Issue with insulating PEX


  #1  
Old 10-31-09, 10:14 AM
C
Member
Thread Starter
Join Date: Jun 2008
Location: Walpole, MA
Posts: 23
Received 0 Votes on 0 Posts
Issue with insulating PEX

I've got a new zone of heating providing forced hot water heat to a converted porch which is now in 4 season use. Plumber used PEX for 2 baseboard units, one about 18 inches for a small bathroom and another about 4 feet in length.

Because the porch is over a ventilated crawlspace, I've gone overboard insulating the pipes. I've got fiberglass in the floor joists, but I also installed a closed-cell foam wrap over the PEX for the feed and return. Today with the heat on, the foam melted to the PEX. It smelled a bit, but didn't smoke or anything. Before I box the insulation in with plywood, I'm wondering if I should remove it and go strictly with fiberglass?

3/4 PEX and I live in MA. I guess I need to call the plumber who installed it but wanted to ask here too.
 
  #2  
Old 10-31-09, 11:51 AM
B
Member
Join Date: Oct 2008
Location: New England
Posts: 10,531
Received 42 Votes on 38 Posts
Hi Chris,
Whatever you insulate it with should be capable of withstanding 180 or 190 degree temps. The plastic type foam insulation is not intended for those temps. There is another one that is, more of a rubber material. The salesman explaining the difference stated the plastic will melt and stick to the hot pipe, which sounds exactly like what you have.

HOWEVER, a pipe in the location you are dealing with should only be insulated on the cold side. Wrapping the pipe in insulation will separate it from it's heat source and allow the temp to go lower. The more insulation between the pipe and the heat, the colder it will get, even with insulation on the other side.

So, max insulation between the pipe and the cold, well air sealed, and no insulation between the pipe and the heat. That should keep the pipes safe.

The other difficulty is maintaining the heat to the floor above. If you turn off the heat, the pipes would still be closer to the outside than the floor above, so the floor might stay above freezing, but that might not be enough. Keep the room warm enough that the floors in the areas of concern can conduct some heat to protect the pipes. Of course the circulating hot water should do well if it is not off.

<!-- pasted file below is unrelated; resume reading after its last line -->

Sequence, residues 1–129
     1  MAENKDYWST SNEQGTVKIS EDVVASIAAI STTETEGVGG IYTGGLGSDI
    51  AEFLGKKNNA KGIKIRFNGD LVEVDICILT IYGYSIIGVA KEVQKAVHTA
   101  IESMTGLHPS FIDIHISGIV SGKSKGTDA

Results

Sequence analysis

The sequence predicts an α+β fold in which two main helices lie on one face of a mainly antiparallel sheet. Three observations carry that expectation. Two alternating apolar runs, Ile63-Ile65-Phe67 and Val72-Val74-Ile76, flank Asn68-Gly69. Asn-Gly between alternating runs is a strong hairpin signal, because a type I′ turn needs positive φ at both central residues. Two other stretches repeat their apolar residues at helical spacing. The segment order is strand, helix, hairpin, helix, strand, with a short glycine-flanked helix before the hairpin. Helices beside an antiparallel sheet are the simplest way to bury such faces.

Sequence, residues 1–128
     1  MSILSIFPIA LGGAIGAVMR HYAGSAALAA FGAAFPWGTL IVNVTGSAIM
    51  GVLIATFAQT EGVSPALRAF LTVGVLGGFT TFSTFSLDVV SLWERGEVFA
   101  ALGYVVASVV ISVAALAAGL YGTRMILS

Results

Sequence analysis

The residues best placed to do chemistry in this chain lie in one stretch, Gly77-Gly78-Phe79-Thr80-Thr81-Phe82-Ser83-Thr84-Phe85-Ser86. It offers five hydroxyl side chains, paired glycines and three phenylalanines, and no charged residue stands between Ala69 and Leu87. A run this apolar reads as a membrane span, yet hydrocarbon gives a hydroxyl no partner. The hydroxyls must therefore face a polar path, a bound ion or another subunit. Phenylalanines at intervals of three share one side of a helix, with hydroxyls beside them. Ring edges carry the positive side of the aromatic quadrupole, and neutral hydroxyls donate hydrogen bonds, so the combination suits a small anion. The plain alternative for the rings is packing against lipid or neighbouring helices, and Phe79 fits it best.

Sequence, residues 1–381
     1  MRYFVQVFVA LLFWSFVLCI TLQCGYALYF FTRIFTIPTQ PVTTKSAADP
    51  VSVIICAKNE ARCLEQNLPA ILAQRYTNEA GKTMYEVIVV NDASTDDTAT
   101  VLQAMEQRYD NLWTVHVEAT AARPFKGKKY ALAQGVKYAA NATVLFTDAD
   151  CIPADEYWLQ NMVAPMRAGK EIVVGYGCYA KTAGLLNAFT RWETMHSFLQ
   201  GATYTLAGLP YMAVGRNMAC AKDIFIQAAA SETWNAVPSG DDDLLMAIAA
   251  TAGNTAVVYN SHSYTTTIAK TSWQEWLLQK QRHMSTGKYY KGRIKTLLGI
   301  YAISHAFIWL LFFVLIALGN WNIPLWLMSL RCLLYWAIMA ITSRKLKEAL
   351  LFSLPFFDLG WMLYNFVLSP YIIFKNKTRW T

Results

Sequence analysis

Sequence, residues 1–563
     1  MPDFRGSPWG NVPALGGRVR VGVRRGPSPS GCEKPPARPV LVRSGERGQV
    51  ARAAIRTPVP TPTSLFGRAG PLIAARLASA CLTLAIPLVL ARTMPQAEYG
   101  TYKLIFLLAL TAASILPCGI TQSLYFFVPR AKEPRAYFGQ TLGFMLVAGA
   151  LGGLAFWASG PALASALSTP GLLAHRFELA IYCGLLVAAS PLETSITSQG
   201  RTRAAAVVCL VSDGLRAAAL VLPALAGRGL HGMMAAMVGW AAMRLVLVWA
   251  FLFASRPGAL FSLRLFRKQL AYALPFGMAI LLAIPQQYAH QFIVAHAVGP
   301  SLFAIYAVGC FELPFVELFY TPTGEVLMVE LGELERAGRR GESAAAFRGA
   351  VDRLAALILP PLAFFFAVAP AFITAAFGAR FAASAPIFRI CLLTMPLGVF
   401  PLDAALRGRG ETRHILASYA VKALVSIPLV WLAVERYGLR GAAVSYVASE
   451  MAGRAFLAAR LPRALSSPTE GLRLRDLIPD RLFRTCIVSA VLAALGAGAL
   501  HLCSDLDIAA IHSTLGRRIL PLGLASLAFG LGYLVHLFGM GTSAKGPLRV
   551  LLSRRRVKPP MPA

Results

Bud
 
  #3  
Old 10-31-09, 01:51 PM
S
Member
Join Date: Oct 2009
Location: Akron Ohio
Posts: 230
Received 0 Votes on 0 Posts
bud,

I understand that melting insulation is a bad thing and should be remedied, but how can too much insulation around hot water hydronic heating supply and return pipes be a bad thing? In Maine that furnace will be running pretty often during the heating season so his concern should be keeping the heat inside the PeX WHILE the furnace is firing and circulating water rather than worrying about how fast the heat will dissipate from the lines once the furnace turns off right?
 
  #4  
Old 10-31-09, 02:17 PM
B
Member
Join Date: Oct 2008
Location: New England
Posts: 10,531
Received 42 Votes on 38 Posts
Shane, I've seen many a pipe freeze, both water and heating, when they were isolated from the conditioned space. Being a floor where the heat above rises will be challenging enough. But relying upon the heat being "on" to keep it from freezing would just be waiting for the warm day, heat is off and it turns cold. The key is some real good insulation on the cold side, then any heat lost will go to the floor above which is a plus. If they can only get an inch of foam on the cold side, then something else would need to be done. But even in that case, insulating the warm side could isolate the pipe from the primary heat source.

This is also one of the issues that is coming up with better insulated homes. Some are so good, that the heat only cycles on a couple of times a day. So we tell people to super insulate their homes and pipes that never had a problem now freeze. It's all part of that "house as a system" thinking where you have to be careful what else may be affected by the work that is being done.